Energy in agriculture in Brazil

Ramchandra Bhandari, Vittorio Sessa


Historically, agriculture has been a large contributor to the global green house gas emissions due to the use of fossil fuel-powered machinery during the production cycle. In recent years, there has been a pressing need to replace fossil fuel consumption given the increasing threats associated with climate change. This paper presents a review of the latest studies published in the field of energy in the agricultural sector, with a specific focus on Brazil. Based on the research trends observed over the last few years (2012-2020), findings tend to point towards improving current practices rather than studying alternatives to fossil fuel consumption, with recent publications (2020-2021) continuing this trend, primarily via market- and indicator-based studies. As reported in the reviewed literature, tobacco production has the largest energy demand, while wheat, sugarcane, and eucalyptus production have the greatest ethanol production potential. Both rapeseed and jatropha production share greater biodiesel production potential than soybean. Of the 14 crops considered in this study, four had a negative energy surplus: tobacco, orange, rice, and cotton.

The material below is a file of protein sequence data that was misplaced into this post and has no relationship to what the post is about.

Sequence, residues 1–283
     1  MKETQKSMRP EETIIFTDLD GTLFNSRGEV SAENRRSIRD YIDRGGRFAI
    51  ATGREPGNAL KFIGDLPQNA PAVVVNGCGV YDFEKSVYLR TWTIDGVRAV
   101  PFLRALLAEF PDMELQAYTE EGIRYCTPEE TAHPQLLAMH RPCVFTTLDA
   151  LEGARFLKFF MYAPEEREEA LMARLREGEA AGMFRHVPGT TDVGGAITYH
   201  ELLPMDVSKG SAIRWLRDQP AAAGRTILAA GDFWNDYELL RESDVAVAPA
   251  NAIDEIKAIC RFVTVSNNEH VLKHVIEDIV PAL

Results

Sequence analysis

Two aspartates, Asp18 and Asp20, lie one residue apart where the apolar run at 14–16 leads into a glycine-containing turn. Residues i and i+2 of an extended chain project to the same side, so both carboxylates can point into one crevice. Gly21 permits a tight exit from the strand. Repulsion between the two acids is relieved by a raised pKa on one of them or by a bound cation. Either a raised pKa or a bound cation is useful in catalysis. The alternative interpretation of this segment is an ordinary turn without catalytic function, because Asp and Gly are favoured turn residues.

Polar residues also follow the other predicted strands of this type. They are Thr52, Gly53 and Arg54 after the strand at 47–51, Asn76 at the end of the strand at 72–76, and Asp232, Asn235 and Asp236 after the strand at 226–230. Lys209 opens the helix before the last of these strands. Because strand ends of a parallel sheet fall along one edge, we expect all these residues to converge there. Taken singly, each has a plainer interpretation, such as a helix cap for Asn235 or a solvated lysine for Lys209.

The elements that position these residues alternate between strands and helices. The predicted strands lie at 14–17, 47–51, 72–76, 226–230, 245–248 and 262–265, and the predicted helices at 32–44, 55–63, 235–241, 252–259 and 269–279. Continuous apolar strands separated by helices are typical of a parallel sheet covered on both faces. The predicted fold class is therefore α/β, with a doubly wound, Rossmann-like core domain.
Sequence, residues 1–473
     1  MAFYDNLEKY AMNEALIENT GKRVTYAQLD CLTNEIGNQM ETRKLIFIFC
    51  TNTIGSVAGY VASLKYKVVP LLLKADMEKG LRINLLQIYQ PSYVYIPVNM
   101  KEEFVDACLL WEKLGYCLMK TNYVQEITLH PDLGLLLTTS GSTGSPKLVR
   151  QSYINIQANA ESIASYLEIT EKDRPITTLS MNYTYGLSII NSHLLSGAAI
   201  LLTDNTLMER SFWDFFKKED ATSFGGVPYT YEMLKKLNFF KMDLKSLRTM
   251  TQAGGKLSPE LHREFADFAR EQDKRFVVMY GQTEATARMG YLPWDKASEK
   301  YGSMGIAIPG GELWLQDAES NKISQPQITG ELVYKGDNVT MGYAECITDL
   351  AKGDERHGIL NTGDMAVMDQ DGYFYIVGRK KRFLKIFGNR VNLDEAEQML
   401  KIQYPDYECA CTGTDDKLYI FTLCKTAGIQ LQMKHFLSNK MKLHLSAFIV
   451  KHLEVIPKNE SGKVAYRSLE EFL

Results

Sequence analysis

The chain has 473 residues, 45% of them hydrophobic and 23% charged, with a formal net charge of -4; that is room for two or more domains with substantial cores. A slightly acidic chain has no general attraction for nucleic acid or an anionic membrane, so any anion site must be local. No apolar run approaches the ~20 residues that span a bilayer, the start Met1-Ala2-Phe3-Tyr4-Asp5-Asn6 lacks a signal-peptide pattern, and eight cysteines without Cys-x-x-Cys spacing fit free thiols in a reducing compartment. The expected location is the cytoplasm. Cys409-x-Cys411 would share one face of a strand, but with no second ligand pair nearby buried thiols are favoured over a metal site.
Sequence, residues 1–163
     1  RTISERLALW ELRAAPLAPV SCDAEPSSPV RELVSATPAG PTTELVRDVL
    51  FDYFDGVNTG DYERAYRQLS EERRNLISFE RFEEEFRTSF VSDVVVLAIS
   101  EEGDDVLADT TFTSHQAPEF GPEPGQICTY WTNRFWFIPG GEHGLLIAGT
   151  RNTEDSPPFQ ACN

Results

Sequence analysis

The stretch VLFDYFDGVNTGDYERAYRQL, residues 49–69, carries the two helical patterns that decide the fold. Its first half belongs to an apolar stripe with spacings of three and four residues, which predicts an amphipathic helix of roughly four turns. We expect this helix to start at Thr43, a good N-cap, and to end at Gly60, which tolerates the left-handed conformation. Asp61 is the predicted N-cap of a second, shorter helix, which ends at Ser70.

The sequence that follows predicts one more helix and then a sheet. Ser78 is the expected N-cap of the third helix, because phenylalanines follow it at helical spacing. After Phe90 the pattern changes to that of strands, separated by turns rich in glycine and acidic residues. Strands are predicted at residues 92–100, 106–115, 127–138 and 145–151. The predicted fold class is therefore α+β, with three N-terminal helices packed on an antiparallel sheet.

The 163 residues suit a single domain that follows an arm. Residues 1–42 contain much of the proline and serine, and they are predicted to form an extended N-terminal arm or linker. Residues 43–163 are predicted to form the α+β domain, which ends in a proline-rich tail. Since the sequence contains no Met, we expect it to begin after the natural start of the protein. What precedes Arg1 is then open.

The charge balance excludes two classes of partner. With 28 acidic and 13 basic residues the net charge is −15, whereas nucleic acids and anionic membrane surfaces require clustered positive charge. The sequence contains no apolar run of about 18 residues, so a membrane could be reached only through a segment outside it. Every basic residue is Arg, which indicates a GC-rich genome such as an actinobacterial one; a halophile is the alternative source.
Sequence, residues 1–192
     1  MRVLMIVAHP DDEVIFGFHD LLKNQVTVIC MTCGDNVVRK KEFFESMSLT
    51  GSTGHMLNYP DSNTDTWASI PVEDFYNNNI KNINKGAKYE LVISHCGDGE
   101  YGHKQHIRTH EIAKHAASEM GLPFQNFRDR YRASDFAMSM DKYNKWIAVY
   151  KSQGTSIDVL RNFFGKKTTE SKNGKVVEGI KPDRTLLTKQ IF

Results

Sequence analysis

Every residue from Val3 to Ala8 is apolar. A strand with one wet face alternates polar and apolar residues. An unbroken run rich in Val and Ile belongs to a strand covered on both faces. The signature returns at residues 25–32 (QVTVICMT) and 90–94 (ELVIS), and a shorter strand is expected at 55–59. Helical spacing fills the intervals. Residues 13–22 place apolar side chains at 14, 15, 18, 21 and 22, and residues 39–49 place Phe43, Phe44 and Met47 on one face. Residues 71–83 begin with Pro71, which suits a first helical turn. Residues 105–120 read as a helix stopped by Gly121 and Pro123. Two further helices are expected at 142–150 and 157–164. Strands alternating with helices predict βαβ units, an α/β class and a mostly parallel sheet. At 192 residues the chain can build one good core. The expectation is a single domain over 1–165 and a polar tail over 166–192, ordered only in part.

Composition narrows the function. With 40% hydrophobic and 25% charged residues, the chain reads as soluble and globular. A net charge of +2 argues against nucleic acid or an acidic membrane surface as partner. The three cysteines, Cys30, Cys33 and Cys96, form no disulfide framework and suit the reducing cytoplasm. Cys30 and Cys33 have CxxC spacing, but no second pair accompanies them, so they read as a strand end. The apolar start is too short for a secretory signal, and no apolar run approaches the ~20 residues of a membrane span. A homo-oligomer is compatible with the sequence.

Agriculture; Energy; Trend; Recent development; Review

Texto completo:



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